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Carbon dioxide capture and storage : a new amine scrubber as reactive system for CO2 adsorption

Luchtmeijer, E.L. (2008) Carbon dioxide capture and storage : a new amine scrubber as reactive system for CO2 adsorption. Bachelor's Thesis, Industrial Engineering and Management.

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Abstract

This research project is mainly focused on the reduction of carbon dioxide emissions from fossil fuel combustion through a so called ‘capture and storage’-technique. This technique has shown promising results, climatologically and financially, in the reduction of greenhouse gases. The technology for capturing CO2 from power plant and other major sources is already largely available. Technologies for capturing CO2 can be divided into three main categories: post-combustion, pre-combustion generally referred to as Integrated Gasification Combined Cycle, and oxy-fuels in which a power plant's fuel is burned in oxygen rather than air. Storage of CO2 is feasible in natural underground reservoirs, such as depleted oil and gas reservoirs, deep saline reservoirs and unminable coal seams, which have sufficient capacity for many years’ emissions. Research is needed to improve efficiency and reduce costs, particularly of CO2 capture, and to deal with environmental impacts and the uncertainties of CO2 storage. There is considerable scope for new ideas to accelerate the development and introduction of capture and storage technology. This research project is a contribution to the need to improve the efficiency and cost reduction of the CO2 capture techniques. A new solid amine scrubber recently developed at the RuG showed already promising results during several laboratory experiments. In this work we will mainly analyze the chemical structure of this scrubber from a theoretical point of view and compare it with other already available chemicals. In particular we will analyze whether this structure can meet the basic processing requirements needed for the product development step.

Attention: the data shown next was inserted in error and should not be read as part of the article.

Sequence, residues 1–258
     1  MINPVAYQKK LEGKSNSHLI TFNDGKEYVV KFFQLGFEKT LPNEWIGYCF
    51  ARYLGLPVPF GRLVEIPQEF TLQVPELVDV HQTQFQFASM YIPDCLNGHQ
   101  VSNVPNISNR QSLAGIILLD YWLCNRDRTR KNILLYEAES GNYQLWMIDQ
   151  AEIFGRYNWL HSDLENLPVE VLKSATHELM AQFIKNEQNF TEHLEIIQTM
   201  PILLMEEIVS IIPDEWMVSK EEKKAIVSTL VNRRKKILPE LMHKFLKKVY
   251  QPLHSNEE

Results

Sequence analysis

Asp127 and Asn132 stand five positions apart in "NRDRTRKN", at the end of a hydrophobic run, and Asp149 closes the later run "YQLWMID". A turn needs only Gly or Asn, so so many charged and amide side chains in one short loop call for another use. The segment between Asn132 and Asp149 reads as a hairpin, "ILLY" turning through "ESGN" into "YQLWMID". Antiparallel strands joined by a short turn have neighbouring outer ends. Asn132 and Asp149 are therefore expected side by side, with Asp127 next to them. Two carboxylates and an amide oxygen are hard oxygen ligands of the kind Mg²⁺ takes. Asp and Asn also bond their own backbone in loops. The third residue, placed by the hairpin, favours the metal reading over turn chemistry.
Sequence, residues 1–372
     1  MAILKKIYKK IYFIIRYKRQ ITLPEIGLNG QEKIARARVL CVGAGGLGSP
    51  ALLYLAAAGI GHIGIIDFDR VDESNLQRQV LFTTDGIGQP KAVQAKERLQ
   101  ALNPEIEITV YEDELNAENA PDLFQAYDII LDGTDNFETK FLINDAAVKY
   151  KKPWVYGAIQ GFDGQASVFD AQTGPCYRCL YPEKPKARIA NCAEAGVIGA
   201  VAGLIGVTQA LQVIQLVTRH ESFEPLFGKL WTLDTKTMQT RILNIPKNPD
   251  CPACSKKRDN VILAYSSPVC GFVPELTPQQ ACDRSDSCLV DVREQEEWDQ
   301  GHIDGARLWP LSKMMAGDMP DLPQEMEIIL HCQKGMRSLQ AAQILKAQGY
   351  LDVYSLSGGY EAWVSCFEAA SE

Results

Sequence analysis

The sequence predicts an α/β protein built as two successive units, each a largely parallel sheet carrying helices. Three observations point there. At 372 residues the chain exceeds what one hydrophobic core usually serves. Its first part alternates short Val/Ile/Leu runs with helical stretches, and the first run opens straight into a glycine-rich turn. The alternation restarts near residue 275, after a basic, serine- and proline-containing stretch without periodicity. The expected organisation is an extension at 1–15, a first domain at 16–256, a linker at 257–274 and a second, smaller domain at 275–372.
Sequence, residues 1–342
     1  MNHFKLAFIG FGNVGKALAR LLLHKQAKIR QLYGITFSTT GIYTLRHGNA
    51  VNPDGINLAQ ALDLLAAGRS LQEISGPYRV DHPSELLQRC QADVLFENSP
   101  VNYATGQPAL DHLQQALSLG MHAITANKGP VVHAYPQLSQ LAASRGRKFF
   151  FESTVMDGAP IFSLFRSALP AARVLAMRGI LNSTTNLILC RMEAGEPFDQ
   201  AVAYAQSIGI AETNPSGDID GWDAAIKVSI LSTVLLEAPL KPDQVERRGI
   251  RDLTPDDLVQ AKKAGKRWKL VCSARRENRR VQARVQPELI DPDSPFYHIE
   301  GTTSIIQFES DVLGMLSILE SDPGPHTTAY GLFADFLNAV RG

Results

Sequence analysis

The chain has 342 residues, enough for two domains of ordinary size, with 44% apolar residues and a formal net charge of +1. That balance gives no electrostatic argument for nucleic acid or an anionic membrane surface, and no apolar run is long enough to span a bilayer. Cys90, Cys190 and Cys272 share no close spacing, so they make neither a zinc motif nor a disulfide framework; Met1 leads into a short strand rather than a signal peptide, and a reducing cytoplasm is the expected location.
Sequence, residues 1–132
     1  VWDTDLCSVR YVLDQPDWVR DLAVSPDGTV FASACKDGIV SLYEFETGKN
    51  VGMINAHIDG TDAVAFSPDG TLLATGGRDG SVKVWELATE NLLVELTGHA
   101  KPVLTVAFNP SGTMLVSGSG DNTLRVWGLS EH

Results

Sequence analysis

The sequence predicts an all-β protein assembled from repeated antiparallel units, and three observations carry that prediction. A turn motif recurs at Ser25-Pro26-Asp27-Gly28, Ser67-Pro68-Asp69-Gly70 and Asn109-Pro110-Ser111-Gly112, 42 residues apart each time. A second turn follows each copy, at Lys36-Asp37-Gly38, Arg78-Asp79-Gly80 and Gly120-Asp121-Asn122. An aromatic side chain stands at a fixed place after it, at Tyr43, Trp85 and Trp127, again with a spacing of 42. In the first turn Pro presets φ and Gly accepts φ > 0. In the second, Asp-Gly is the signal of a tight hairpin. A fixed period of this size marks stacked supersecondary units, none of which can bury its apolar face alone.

Item Type: Thesis (Bachelor's Thesis)
Degree programme: Industrial Engineering and Management
Thesis type: Bachelor's Thesis
Language: English
Date Deposited: 15 Feb 2018 07:28
Last Modified: 15 Feb 2018 07:28
URI: http://fse.studenttheses.ub.rug.nl/id/eprint/8486

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